Recurrent episodes of tuberculosis (TB) can be due to relapse of latent infection or exogenous reinfection, and discrimination is crucial for control planning. Molecular genotyping of Mycobacterium tuberculosis isolates offers concrete opportunities to measure the relative contribution of reinfection in recurrent disease. Here, a mathematical model of TB transmission is fitted to data from 14 molecular epidemiology studies, enabling the estimation of relevant epidemiological parameters. Meta-analysis reveals that rates of reinfection after successful treatment are higher than rates of new TB, raising an important question about the underlying mechanism. We formulate two alternative mechanisms within our model framework: (i) infection increases susceptibility to reinfection or (ii) infection affects individuals differentially, thereby recruiting high-risk individuals to the group at risk for reinfection. The second mechanism is better supported by the fittings to the data, suggesting that reinfection rates are inflated through a population phenomenon that occurs in the presence of heterogeneity in individual risk of infection. As a result, rates of reinfection are higher when measured at the population level even though they might be lower at the individual level. Finally, differential host recruitment is modulated by transmission intensity, being less pronounced when incidence is high.


Baena-Gonzalez E.,Instituto Gulbenkian Of Ciencia
Molecular Plant | Year: 2010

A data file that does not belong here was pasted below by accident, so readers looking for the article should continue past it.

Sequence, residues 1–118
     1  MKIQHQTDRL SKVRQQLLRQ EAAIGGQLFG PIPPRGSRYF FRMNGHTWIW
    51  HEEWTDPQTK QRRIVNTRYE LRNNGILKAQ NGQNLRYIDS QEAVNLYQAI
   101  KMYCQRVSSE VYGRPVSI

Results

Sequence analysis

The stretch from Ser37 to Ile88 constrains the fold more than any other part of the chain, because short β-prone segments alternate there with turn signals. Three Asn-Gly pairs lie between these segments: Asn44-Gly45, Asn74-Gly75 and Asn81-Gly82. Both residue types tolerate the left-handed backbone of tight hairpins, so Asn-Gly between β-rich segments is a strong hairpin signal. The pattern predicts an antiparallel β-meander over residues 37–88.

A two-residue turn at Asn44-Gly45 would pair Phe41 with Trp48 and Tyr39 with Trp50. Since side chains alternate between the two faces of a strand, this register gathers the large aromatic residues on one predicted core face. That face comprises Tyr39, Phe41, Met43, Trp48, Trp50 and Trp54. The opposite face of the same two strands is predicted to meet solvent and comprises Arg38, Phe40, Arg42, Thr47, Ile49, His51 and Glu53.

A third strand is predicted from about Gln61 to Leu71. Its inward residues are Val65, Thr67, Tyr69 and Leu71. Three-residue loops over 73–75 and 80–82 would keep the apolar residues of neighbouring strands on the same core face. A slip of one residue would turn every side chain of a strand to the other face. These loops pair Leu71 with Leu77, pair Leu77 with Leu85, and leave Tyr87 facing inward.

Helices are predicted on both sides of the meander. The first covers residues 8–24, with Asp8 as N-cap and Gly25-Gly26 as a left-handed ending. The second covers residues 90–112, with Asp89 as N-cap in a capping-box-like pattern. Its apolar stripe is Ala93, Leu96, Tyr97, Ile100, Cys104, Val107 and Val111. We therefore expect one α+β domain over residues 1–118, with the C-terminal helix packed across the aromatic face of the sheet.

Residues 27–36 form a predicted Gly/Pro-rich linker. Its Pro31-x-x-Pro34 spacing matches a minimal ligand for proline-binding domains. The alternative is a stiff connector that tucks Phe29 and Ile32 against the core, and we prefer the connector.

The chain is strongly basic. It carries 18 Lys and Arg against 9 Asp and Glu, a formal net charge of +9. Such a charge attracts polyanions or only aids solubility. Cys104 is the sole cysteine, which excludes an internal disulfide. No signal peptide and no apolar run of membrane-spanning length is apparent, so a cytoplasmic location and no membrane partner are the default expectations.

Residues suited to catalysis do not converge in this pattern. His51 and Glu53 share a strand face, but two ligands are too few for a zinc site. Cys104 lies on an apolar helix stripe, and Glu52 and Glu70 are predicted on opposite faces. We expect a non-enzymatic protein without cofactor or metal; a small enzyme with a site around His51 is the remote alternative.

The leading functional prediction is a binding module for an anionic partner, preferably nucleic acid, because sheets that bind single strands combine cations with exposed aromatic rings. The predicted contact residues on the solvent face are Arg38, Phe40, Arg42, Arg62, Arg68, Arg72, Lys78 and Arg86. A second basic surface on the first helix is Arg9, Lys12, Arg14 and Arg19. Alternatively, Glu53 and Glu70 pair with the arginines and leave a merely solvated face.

Maintenance of homeostasis is pivotal to all forms of life. In the case of plants, homeostasis is constantly threatened by the inability to escape environmental fluctuations, and therefore sensitive mechanisms must have evolved to allow rapid perception of environmental cues and concomitant modification of growth and developmental patterns for adaptation and survival. Re-establishment of homeostasis in response to environmental perturbations requires reprogramming of metabolism and gene expression to shunt energy sources from growth-related biosynthetic processes to defense, acclimation, and, ultimately, adaptation. Failure to mount an initial 'emergency' response may result in nutrient deprivation and irreversible senescence and cell death. Early signaling events largely determine the capacity of plants to orchestrate a successful adaptive response. Early events, on the other hand, are likely to be shared by different conditions through the generation of similar signals and before more specific responses are elaborated. Recent studies lend credence to this hypothesis, underpinning the importance of a shared energy signal in the transcriptional response to various types of stress. Energy deficiency is associated with most environmental perturbations due to their direct or indirect deleterious impact on photosynthesis and/or respiration. Several systems are known to have evolved for monitoring the available resources and triggering metabolic, growth, and developmental decisions accordingly. In doing so, energy-sensing systems regulate gene expression at multiple levels to allow flexibility in the diversity and the kinetics of the stress response.